Connect the dots
Everything is inevitable in retrospect. (Agree?) Also, 7 other things.
I have one more thing to say this week about the late Steve Jobs, on the eve of the 10th anniversary of his passing, mostly because I hope it will prompt a really good comments section.
I’ve been working on a separate article for Inc.com about him that will run this weekend. I’ll link to it here on Monday. Today’s newsletter sort of fell out of my research and thinking about that article, and onto the rhetorical floor.
It goes like this. Jobs never graduated from college, but he did attend Reed College in Oregon; he only lasted a short while before dropping out in 1972.
However, instead of heading home after he was no longer officially enrolled, he stuck around for another 18 months. He slept on friends’ floors, returned Coke bottles for the deposits to get some money, and “dropped in” on classes that interested him.
One of those classes was calligraphy. As Jobs explained in the same Stanford speech I talked about earlier this week, it wound up having a profound affect on him:
I learned about serif and sans serif typefaces, about varying the amount of space between different letter combinations, about what makes great typography great. It was beautiful, historical, artistically subtle in a way that science can’t capture, and I found it fascinating.
None of this had even a hope of any practical application in my life. But 10 years later, when we were designing the first Macintosh computer, it all came back to me. …
If I had never dropped in on that single course in college, the Mac would have never had multiple typefaces or proportionally spaced fonts. And since Windows just copied the Mac, it’s likely that no personal computer would have them. …
[Y]ou can’t connect the dots looking forward; you can only connect them looking backward.
I feel like we all have stories like this, don’t we? So, as a comment thread for this weekend, can I ask you to connect the dots looking backward?
What’s your equivalent of studying calligraphy? It could be a person you met, or something you studied, or an experience, or an unexpected opportunity. What did you explore simply because it was interesting and you felt called to—with no expectation of payoff—that in retrospect, led to a payoff?
7 other things
Congress passed a short-term funding bill, 254-175, largely along party lines, averting a government shutdown that otherwise would have occurred at midnight. (We’ll do this again in November, apparently; this bill keeps the government going until Dec. 3.) Separately, Senate Minority Leader Mitch McConnell, R-Ky., reiterated that Republicans will not vote for any measure that would increase the federal borrowing cap, without which the federal government risks defaulting in the next few weeks. (NPR)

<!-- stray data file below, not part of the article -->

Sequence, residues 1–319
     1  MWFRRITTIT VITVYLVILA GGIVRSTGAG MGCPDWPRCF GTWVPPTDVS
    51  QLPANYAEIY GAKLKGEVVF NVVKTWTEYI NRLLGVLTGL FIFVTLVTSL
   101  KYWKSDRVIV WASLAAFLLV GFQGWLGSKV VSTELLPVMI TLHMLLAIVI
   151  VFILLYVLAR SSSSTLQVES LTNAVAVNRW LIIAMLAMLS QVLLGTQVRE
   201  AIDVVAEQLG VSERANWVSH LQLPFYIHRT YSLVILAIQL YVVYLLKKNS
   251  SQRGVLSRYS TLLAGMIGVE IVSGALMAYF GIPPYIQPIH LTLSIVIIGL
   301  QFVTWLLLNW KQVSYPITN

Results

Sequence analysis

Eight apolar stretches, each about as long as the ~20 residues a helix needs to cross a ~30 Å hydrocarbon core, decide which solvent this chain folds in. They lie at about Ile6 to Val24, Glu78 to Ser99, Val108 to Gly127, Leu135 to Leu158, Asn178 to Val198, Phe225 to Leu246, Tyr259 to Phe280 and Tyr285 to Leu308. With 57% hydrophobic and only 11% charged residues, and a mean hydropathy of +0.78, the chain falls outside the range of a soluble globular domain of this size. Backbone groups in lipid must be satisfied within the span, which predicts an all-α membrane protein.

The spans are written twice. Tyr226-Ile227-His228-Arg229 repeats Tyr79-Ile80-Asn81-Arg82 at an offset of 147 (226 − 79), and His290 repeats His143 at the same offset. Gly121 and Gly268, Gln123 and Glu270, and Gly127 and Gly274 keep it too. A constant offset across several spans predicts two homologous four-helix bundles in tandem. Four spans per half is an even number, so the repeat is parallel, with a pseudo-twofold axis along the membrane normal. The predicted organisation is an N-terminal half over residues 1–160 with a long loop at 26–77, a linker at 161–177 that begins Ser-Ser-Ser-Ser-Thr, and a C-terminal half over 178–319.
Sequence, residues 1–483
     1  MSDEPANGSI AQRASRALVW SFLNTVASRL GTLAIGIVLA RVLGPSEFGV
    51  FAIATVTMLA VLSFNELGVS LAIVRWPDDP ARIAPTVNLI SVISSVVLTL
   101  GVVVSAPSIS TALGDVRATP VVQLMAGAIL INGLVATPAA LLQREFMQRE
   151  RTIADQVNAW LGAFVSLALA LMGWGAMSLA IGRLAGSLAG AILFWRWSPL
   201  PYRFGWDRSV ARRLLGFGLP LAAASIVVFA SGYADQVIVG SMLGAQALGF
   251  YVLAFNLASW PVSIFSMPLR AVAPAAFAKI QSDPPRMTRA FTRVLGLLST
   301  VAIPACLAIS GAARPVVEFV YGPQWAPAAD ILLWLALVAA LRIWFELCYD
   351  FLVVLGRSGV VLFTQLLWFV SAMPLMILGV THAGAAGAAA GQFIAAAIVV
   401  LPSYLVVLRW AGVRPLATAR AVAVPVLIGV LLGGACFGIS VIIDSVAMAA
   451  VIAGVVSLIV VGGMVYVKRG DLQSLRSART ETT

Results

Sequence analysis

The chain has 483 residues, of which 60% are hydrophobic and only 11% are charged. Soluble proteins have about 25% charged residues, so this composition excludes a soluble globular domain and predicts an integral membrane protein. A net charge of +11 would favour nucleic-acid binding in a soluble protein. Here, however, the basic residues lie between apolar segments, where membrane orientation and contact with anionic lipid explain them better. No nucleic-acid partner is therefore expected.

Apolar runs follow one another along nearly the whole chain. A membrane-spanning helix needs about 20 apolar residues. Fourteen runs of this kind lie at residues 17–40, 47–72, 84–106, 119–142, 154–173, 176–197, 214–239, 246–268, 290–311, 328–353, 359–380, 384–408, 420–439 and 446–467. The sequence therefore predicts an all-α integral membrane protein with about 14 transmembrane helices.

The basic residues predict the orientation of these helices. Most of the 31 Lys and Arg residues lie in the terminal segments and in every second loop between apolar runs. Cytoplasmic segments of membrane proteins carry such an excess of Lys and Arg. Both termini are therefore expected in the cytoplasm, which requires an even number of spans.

After 15 long years in prison, Juwan Deering, who was convicted of five counts of murder for the fire-related deaths of five children but insisted on his innocence the whole time, walked out of court a free man, after a newly elected prosecutor asked a court to dismiss all charges, saying Deering’s trial had been “totally compromised by misconduct.” (NPR)
A Marine who says he saved a baby in Kabul by lifting the infant over the walls outside Hamid Karzai International Airport, Lance Cpl. Hunter Clark, is now under investigation for appearing on stage with former President Donald Trump at a recent political rally in Georgia. (Task & Purpose)
United Airlines says its number of unvaccinated workers dropped from 593 to 320 after the airline said it would fire those who weren’t vaccinated. Earlier Thursday, Tyson Foods, which also mandates vaccines, said more than 90% of its 120,000-person workforce has been vaccinated against COVID. (CNBC)
TikTok has settled a lawsuit filed by voice actor Bev Standing, who claims the popular app used her voice for its text-to-speech feature without her permission. (The Verge)
A 105-year-old woman who survived the 1918 Spanish flu has died of COVID-related complications. (USA Today)
“A US Army veteran who discovered a hissing alligator outside his house used a wheelie bin to corner and capture the reptile.” (Sky News, Twitter)NEIGHBORHOOD HERO: This Florida man took matters into his own hands, using a trash can to capture an alligator in front of a home before releasing the reptile into a nearby body of water. abcn.ws/3m9ZxLF
Thanks for reading, as always. Photo credit: myself. Want to see all my mistakes? Click here.